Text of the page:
For more information, see Web Services (ASMX 1.1) Performance Guidelines - State Management.


Do You Use Enterprise Services?

If you plan to use Enterprise Services object pooling, you need to design stateless components. This is because the objects need to be recycled across various requests from different clients. Storing state for a particular client means the object cannot be shared across clients.

For more information, see Enterprise Services (.NET 1.1) Performance Guidelines - State Management.


Have You Ensured Objects to be Stored in Session Stores are Serializable?

To store objects in an out-of-process session state store, such as a state service or SQL Server, the objects must be serializable. You do not need serializable objects to store objects in the in-process state store, but you should bear this in mind in case you need to move your session state out-of-process.

You enable a class to be serialized by using the Serializable attribute. Make sure that you use the NonSerialized attribute to avoid any unnecessary serialization.


Do You Depend On View State?

If you use or plan to use view state to maintain state across calls, you should prototype and carefully evaluate the performance impact. Consider the total page size and the bandwidth requirements to satisfy your response time goals.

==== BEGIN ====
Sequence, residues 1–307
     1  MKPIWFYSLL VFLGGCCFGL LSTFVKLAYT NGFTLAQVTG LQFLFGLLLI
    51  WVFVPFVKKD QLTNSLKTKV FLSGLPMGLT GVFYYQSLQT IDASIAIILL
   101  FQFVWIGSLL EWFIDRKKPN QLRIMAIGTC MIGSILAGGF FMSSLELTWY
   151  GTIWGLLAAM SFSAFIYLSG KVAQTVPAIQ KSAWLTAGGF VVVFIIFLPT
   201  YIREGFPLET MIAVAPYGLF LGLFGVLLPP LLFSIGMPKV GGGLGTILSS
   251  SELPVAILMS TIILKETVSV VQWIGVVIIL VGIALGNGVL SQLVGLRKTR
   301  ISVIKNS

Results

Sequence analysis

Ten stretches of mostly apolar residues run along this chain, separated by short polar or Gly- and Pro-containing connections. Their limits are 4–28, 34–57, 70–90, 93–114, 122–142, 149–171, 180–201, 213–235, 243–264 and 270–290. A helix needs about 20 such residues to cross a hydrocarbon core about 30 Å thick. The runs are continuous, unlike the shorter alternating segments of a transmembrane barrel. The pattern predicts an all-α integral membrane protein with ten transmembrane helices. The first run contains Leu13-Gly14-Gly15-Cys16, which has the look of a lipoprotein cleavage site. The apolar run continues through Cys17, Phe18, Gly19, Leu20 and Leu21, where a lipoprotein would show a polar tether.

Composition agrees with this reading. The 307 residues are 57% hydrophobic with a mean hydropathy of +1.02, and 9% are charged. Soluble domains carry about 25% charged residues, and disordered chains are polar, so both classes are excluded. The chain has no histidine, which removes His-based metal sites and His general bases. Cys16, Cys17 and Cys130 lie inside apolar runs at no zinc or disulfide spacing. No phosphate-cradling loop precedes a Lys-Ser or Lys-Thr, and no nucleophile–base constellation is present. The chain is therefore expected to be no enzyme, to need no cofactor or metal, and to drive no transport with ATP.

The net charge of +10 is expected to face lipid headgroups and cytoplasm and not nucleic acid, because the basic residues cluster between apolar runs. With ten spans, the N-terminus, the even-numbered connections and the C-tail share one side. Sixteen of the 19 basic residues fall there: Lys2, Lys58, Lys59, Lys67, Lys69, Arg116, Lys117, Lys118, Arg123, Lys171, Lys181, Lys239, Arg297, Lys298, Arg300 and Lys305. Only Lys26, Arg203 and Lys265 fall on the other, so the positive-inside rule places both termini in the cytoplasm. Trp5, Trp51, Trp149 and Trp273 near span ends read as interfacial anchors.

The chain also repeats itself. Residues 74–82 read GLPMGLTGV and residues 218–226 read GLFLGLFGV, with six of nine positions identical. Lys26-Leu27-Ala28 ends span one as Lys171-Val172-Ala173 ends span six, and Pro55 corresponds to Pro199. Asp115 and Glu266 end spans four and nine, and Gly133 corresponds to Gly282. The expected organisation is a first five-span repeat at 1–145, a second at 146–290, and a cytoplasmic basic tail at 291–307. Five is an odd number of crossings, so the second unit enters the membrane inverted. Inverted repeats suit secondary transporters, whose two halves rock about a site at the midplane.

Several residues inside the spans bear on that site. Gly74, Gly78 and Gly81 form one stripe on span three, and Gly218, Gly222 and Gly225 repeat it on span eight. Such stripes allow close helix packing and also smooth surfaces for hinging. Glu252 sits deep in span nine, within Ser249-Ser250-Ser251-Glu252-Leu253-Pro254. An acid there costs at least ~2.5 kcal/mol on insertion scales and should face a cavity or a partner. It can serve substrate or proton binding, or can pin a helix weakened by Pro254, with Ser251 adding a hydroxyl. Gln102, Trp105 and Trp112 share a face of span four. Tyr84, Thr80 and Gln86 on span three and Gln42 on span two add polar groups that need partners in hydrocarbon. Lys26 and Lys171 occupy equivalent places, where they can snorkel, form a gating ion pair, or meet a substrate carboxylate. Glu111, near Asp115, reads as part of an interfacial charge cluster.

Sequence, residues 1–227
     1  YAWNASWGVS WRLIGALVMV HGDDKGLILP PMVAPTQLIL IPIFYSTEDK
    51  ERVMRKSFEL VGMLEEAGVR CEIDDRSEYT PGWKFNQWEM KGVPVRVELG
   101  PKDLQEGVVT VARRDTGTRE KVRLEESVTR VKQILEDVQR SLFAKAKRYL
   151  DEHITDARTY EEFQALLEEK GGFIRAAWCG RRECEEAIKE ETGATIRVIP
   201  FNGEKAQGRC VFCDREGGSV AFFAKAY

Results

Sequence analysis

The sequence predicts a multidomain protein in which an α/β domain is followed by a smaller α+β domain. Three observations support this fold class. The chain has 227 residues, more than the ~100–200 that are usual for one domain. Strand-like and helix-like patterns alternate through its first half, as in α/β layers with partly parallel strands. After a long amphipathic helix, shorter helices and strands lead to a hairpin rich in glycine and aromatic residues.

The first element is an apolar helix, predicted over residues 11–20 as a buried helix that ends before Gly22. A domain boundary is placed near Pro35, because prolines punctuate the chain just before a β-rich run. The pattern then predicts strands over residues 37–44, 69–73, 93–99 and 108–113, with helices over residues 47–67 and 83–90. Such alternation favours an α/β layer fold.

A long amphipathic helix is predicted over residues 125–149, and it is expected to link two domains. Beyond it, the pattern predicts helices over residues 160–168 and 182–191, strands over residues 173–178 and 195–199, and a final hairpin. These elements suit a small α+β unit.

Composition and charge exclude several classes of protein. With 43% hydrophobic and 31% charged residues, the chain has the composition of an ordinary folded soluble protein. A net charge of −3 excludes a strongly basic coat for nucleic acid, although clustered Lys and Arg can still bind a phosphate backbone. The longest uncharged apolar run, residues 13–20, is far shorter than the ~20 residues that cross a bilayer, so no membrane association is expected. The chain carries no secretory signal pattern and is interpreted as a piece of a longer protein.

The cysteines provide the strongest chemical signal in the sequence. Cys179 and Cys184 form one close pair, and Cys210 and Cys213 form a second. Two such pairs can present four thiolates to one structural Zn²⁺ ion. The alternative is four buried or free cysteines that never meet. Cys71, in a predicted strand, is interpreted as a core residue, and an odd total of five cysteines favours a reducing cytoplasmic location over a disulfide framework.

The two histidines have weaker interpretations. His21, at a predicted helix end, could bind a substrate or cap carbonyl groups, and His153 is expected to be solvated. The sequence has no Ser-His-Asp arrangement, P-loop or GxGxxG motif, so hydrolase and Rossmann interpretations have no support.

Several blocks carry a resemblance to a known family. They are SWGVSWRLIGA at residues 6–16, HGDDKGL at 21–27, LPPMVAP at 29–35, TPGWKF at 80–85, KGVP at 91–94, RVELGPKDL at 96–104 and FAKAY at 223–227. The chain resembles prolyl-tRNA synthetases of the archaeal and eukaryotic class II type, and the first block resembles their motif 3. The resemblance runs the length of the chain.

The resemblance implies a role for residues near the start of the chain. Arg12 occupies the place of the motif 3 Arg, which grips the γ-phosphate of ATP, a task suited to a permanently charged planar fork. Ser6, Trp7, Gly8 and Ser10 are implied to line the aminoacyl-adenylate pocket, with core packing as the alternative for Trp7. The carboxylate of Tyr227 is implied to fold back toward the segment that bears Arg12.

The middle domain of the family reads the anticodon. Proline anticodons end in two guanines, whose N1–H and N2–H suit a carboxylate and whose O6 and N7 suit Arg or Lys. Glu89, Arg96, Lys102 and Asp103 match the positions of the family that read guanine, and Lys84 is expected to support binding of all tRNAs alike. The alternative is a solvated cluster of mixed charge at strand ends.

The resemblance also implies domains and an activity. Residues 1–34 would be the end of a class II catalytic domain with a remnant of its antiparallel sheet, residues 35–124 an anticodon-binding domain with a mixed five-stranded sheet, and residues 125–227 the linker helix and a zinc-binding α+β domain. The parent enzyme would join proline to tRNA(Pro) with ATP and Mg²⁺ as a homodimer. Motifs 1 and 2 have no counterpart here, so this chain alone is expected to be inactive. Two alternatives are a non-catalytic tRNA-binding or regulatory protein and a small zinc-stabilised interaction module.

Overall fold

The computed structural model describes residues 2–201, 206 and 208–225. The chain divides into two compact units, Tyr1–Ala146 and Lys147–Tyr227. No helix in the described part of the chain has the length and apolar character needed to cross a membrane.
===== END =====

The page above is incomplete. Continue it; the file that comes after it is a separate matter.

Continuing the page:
Persisting large amounts of data from server controls, such as the DataGrid, significantly increases page size and delays response times. Use tracing in ASP.NET to find out the exact view state size for each server control or for a whole page.


More Information


Do You Know the Number of Concurrent Sessions and Average Session Data per User?

Knowing the number of concurrent sessions and the average session data per user enables you to decide the session store. If the total amount of session data accounts for a significant portion of the memory allocated for the ASP.NET worker process, you should consider an out-of-process store.

Using an out-of-process state store increases network round trips and serialization costs, so this needs to be evaluated. Storing many custom objects in session state or storing a lot of small values increases overhead. Consider combining the values in a type before adding them to the session store.